In 1813, Capitaine Jacques St. Ives, a Hussar in the Napoleonic wars, is captured and sent to a Scottish prison camp. He's a swashbuckler, so the prison's commander, Major Farquar ... See full summary »
WW2: In London, Lily marries a Canadian soldier who goes off to war. She and her newborn daughter are invited to come and live with his family in Canada, where conditions are not as ... See full summary »
The Niagara Motel and the attached Riverside Grill, located in Niagara Falls, are owned and operated by Serbian father and daughter, the always angry Boris and hard working Sophie. Through ... See full summary »
Colm is a Catholic and George is a poetry-loving Protestant. In Belfast in the 1980s, they could have been enemies, but instead they became business partners. After persuading a mad wig ... See full summary »
The four brothers of the Phelan family battle to save their farm and their family from the ravages of the Irish Potato Famine in 1846, and from an English land agent who takes a dislike to ... See full summary »
Upon discovering that their town is up for sale, crafty Irish villagers scheme to raise the money to prevent the buy-out. They hold a poetry contest with a tempting grand prize -- the deed ... See full summary »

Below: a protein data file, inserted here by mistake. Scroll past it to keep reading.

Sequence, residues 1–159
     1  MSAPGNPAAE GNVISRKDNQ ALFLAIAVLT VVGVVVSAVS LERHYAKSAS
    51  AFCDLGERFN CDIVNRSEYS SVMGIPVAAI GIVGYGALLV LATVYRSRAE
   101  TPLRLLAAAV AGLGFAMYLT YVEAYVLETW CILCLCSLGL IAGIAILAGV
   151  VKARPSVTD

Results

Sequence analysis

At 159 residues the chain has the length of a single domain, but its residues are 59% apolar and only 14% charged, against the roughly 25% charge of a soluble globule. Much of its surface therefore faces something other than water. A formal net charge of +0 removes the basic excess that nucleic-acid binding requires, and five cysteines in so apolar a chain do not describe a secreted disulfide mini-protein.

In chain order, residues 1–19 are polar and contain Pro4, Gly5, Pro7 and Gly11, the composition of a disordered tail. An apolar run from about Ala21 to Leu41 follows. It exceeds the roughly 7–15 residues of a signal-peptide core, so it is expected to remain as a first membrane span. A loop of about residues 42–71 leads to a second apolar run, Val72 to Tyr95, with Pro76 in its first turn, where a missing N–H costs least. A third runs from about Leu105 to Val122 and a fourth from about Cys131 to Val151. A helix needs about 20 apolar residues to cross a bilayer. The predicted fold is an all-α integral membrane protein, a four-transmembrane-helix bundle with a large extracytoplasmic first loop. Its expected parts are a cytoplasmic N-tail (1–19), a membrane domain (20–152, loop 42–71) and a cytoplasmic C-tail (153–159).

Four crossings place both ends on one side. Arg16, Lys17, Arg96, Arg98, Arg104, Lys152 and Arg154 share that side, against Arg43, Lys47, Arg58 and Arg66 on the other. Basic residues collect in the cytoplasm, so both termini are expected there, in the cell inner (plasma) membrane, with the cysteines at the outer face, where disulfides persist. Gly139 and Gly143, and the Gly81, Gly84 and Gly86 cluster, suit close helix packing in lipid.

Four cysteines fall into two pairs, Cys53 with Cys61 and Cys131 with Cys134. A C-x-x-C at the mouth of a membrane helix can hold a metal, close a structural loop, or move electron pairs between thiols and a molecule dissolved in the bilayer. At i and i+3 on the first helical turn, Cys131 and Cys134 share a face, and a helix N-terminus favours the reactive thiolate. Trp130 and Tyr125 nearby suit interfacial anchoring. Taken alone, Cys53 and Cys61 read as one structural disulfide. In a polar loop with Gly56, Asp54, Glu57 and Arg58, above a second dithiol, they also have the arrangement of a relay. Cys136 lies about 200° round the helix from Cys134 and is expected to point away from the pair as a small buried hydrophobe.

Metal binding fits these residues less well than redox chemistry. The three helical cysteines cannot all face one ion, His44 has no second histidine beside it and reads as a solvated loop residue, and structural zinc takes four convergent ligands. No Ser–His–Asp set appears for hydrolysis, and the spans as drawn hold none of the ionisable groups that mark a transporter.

In 1813, Capitaine Jacques St. Ives, a Hussar in the Napoleonic wars, is captured and sent to a Scottish prison camp. He's a swashbuckler, so the prison's commander, Major Farquar Bolingbroke Chevening, asks for lessons in communicating with women. Both men have their eyes on the lovely Flora, who resides with her aunt, the iconoclastic and well-traveled Miss Susan Emily Gilcrist. By chance, living close to the camp is Jacques's grandfather and brother, whom Jacques believes died years before. Jacques decides to escape, find his relatives, and win the hand of Flora; Major Chevening and an unforeseen enemy stand in his way. Can Miss Gilcrist contrive to make everything work out? Written by
I found this film to be quite an oddity. From the very get go I found it extremely hard to like this movie, and now after a little thinking about it I can pretty much pinpoint the reason why. Jean-Marc Barr, although I love him to bits (I think Zentropa is one of the best movies ever made) is quite miscast here, and although I can't figure for the life of me who would be better, I am sure someone could have taken his place quite easily and make this film work. Everything else is fine, except for the stabs at weak comedy (A Meet The Parents Joke is not really needed, filmmakers!) and I really like Richard E. Grant as the British Major. It just suffers from one thing.. Jean-Marc.
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